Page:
This was the centre of leisure, fun, and the savage entertainments of Augusta Emerita, a Roman town in the great region of Hispania which would one day become Mérida. The amphitheatre hosted fights with wild animals, gladiatorial contests, battle re-enactments and even the execution of slaves. The stones that remain here are the remnants of a venue that could accommodate as many as 10,000 spectators. Cheers, applause, screams, the roaring of animals.... Roman life in its purest state. You can visit the rooms where the fighters and wild animals were caged, and even tread what was once the battle arena. Following the itinerary of the visit will bring you to the monumental Roman theatre. The marble columns, lintels, sculptures, and even the base of the stage are the original pieces of the Roman theatre. Although the Visigoths destroyed the temple and used the stones to reinforce the city walls, these elements were found during excavations and the building has been very successfully restored to faithfully recreate the most sophisticated stage in the cultural world of ancient Mérida... and the present day. This theatre continues in use, and in July and August hosts the International Classical Theatre Festival.A challenge: when you're sitting in the stalls and you've recovered from the impact of seeing this great stage, look for the remains of marble stones among the first rows of the seating. This was the place reserved for senators, which accounts for the use of superior materials. A curious fact: women, freedmen and slaves sat in the highest part of the theatre. A tip: you're sure to find it spectacular if you're visiting by day, but seeing it lit up at night is a whole new experience.Morning is also a good time to visit some monuments that are slightly further away, such as Los Milagros aqueduct, opposite a bridge with Roman origins. We recommend an early-morning visit, because this landscaped area makes a pleasant place for a stroll, and at this time of day you'll see the sun rising gradually between the arches and casting its light on the monument.Depending on the time you choose to visit the theatre and the amphitheatre –and on how hungry you are–, there are two interesting options nearby for your next step. Located opposite the site, if you follow the sightseeing signs leading left, you’ll come to the ruins of the baths of San Lázaro and the San Lázaro aqueduct. In front you'll find the ancient Roman circus. It has a small visitor centre and viewing point that allows you to see it completely, and gives an idea of what this space was like when it held 30,000 spectators.Otherwise, if you follow the signs leading right from the Roman theatre, you’ll come to Casa del Mitreo and Los Columbarios funerary site, opposite the bullring. The first is particularly interesting, as it is a noble Roman home in which various rooms –some with paintings– can still be seen, and offers an insight into the life of the Romans. Los Columbarios takes a journey through funerary rites and burials throughout the history of Augusta Emerita.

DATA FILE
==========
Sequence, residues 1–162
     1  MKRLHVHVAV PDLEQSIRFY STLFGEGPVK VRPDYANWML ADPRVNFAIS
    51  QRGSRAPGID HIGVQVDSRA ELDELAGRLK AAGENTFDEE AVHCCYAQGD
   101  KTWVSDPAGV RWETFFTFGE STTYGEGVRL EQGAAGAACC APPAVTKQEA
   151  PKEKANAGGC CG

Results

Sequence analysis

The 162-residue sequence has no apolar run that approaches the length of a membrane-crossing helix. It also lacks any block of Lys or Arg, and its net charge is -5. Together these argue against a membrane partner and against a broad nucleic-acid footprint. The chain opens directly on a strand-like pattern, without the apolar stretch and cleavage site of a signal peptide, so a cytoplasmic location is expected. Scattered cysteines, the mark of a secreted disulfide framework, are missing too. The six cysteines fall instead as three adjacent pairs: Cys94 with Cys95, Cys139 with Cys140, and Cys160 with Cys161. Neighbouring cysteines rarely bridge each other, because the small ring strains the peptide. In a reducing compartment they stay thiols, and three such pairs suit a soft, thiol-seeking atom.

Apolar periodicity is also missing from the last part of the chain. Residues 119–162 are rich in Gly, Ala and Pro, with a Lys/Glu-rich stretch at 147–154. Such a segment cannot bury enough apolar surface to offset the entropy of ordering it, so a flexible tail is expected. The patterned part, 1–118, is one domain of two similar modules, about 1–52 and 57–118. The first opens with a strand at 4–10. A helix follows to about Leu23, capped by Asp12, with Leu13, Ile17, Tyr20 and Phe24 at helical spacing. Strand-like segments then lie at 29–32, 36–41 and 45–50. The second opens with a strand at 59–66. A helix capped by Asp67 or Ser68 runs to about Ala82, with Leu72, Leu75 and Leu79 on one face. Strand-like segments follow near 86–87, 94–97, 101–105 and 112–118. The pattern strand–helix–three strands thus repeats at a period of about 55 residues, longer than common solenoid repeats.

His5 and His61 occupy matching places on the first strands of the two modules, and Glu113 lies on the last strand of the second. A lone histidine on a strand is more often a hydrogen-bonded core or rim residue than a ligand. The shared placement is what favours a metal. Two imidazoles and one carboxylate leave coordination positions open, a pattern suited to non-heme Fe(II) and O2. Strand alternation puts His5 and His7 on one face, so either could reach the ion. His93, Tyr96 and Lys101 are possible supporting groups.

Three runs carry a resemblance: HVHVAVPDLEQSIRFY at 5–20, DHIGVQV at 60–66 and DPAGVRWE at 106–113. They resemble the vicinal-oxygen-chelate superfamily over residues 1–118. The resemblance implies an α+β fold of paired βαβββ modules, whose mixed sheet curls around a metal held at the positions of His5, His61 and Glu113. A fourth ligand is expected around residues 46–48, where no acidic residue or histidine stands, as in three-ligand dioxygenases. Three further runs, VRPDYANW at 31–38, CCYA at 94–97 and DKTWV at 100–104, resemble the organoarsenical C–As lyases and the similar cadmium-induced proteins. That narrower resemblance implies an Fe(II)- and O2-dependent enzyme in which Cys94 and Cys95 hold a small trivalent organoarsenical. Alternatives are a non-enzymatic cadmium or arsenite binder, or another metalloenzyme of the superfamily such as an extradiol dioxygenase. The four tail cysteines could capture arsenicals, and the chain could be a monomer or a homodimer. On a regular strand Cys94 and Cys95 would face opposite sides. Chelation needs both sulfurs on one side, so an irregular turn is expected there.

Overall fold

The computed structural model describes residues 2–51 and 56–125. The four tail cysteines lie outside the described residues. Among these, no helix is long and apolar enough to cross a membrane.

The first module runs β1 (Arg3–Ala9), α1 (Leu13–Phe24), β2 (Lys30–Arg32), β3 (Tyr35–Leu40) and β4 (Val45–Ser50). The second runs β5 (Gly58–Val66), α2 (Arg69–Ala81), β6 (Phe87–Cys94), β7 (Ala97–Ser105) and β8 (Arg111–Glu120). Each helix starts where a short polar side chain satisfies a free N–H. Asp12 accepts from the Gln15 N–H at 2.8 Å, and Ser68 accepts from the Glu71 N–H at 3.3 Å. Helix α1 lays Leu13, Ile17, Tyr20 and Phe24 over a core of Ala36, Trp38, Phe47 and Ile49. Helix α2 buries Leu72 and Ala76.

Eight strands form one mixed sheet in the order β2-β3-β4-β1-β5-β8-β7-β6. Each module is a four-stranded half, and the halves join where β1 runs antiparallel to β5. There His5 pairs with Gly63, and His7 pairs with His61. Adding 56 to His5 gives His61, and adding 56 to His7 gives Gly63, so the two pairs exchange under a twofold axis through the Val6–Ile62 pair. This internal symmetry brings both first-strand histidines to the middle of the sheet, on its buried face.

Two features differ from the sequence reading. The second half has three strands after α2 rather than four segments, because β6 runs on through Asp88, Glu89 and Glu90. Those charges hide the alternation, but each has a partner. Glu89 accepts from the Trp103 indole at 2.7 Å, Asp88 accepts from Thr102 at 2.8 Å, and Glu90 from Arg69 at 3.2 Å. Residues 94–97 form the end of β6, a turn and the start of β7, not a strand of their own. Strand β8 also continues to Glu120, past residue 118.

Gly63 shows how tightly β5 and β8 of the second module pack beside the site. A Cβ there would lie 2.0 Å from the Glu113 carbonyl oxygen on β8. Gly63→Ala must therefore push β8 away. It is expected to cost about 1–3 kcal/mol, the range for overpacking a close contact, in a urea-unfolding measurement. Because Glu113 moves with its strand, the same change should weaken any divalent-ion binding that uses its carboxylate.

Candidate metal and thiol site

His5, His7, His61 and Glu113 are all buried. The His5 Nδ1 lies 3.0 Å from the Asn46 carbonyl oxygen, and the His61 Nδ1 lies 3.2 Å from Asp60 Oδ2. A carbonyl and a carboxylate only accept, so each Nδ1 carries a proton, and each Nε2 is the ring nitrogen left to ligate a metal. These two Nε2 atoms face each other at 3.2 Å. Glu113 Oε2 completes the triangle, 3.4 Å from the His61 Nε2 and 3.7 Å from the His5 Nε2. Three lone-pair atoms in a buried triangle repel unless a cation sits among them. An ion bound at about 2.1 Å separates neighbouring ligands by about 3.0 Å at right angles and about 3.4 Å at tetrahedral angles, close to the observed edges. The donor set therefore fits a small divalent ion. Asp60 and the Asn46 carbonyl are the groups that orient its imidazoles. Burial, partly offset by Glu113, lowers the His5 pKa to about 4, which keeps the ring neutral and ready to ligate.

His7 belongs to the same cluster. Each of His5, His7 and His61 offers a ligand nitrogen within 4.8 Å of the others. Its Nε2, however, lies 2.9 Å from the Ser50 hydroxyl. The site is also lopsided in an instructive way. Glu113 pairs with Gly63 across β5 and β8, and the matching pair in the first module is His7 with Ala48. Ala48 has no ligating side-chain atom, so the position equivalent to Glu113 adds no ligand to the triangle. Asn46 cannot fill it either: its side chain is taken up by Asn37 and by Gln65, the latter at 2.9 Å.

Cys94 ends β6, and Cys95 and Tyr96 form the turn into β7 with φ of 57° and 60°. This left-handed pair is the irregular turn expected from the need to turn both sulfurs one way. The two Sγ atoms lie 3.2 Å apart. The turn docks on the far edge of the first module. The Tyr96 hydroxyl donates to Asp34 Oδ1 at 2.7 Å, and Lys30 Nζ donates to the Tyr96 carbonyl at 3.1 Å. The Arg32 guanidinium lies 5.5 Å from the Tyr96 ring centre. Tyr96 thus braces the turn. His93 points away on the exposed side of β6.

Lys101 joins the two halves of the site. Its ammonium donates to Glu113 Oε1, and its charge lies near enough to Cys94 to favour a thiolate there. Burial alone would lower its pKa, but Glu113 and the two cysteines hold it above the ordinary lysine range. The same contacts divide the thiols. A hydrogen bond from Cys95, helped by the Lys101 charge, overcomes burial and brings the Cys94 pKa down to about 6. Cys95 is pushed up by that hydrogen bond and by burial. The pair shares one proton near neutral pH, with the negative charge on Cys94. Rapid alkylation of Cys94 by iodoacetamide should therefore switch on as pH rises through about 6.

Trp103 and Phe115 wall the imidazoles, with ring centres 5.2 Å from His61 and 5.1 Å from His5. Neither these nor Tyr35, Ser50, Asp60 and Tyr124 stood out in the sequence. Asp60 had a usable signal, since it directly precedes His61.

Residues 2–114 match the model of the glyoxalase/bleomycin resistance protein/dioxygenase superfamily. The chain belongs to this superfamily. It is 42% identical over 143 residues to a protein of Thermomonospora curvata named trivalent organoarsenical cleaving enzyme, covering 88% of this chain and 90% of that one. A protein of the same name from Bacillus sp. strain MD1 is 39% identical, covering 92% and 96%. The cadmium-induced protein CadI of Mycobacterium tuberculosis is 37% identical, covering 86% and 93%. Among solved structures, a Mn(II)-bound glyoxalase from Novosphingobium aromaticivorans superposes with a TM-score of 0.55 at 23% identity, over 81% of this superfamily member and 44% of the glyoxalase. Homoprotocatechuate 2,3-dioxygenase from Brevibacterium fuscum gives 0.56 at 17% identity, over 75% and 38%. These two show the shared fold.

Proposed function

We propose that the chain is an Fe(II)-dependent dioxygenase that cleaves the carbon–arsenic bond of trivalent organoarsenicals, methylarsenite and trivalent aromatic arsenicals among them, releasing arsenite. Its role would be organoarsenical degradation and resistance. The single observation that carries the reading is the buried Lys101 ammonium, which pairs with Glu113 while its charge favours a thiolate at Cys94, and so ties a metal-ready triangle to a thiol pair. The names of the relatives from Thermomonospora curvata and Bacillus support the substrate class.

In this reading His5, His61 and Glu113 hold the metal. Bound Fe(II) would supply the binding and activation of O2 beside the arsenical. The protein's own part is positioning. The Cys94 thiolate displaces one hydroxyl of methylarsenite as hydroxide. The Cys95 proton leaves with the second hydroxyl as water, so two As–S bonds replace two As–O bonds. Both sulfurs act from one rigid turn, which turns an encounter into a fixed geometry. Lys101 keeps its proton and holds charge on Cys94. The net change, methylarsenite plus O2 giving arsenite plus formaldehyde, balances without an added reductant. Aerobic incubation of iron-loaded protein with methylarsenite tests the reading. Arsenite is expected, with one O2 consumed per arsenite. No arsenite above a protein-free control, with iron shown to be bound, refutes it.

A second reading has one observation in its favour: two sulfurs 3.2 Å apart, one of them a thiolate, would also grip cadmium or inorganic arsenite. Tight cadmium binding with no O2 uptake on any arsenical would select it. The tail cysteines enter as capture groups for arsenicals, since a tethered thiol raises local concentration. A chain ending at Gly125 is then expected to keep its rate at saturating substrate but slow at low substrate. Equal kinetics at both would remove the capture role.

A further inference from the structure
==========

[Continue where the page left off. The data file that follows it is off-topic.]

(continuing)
Local dishes